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Voice of the Kingfisher speaks out  …from a different perspective

                                                          by Elinor Montgomery

From Planned Extinction to the Passover
(Exodus – Chapters One To Twelve)

Chapter Three (part one)

September 2-4, 2005

The bride is the mirror image of her Beloved. There are times in Exodus when the role of Moses blends into that of the bride who, like Moses and Jesus before her, must play her role of leadership in leading the people out of captivity. The captivity is always to the world, a captivity that began in the Garden of creation with sin and the fall of man. The seven-day program is basic to every aspect of creation, turning into a seven-millennial program for mankind; for a day with the Lord is as a thousand years.

Moses was very much a man of the second day. He was a man of the day of the dividing of the waters when God separated the waters from above from the waters beneath (see Genesis 1:6-8). And when he went out the second day, behold, two Hebrew men were fighting, and he said to the one who did the wrong, “Why are you striking your companion?” (Exodus 2:13). In a sense, the dividing of the waters, which allowed Israel to cross over on dry land, was a picture of the redemption of God. There was no other way to return His ruler-ship over man except by His mercy and His divine intervention in their affairs. In so far as Moses was given the role of leading the nation Israel out of her captivity to Egypt under God’s guiding hand, Jesus became the Redeemer, as God dwelling on earth with man. The bride, again like Moses, will be called to lead the church out of its captivity to religion, under the guiding hand of her Redeemer. Her rightful role is in submission to and partnership with her Husband, that she might bear good fruit for her Lord and King, her God, Who rules over creation. The waters of this world must be separated in the lives of the believer from the water from above in order to cross over into the kingdom.

Now, Moses, the shepherd, led his flock to the mountain of God. Being located at the back of the desert is prophetic of a wilderness experience having been left behind, though the flock is still in the wilderness at a time just before entering the kingdom. The Angel of the Lord, as the pre-incarnate Jesus, appeared to Moses in a flame of fire from the midst of a bush, which was not consumed. The sight caused Moses to look. At the very sight of it, he was forced to turn away in wonderment. He was being shown the first of several supernatural acts, which God would perform in Moses’ life so that there would be no room for doubt. He was only to move faithfully in obedience to God’s leading. It was necessary that he first learn to depend on the Lord’s power over the natural state of things, before teaching Israel to do the same. The fire in the bush speaks of the judgment that does not consume. It was the first message to Moses that judgment lay ahead, and though taken into the midst of God’s fire judgment, God’s own people Israel would not be consumed by it.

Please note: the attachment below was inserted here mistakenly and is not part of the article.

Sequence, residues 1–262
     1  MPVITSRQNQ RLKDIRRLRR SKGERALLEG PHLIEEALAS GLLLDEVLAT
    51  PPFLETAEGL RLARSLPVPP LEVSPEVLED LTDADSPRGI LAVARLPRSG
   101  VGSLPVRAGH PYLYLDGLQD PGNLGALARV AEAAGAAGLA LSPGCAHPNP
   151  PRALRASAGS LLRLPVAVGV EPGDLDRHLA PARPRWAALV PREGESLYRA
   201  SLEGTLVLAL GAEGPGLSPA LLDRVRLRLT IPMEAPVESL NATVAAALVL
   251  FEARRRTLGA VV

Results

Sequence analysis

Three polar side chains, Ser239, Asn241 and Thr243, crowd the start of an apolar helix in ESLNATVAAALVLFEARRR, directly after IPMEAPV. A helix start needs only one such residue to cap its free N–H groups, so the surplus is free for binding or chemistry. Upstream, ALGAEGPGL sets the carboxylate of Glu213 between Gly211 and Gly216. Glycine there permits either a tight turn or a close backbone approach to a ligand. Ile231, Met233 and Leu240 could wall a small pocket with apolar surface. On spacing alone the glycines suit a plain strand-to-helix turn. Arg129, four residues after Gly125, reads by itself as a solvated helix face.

In fact, there is another prophecy inherent in it as well. God allows His chastising judgment to come upon His own people by using the very people He will one day judge. But there is a point of no return when time runs out and God closes the door on redemption, just as the door of grace closed when He shut and sealed the door of Noah’s ark, and the rains began to come down upon the wicked mass of mankind surrounding him. Inherent in this bush is the message of God trying to catch our attention regarding judgment, that it is at our door, and what we can make right in His eyes today, should not be put off until tomorrow. Time could be very short, indeed, before the door closes on each one of our lives. When the signs are with us in the natural, God wants us to take control over our own lives as to whether or not there are things we need to have burned away so that we will not be consumed. Moses was called as God’s chosen vessel to lead the way in one of His greatest moves that this world will ever see. It was about to witness the judgment that would fall on Egypt at the same time God’s chosen nation of Israel would be delivered from the control of Egypt.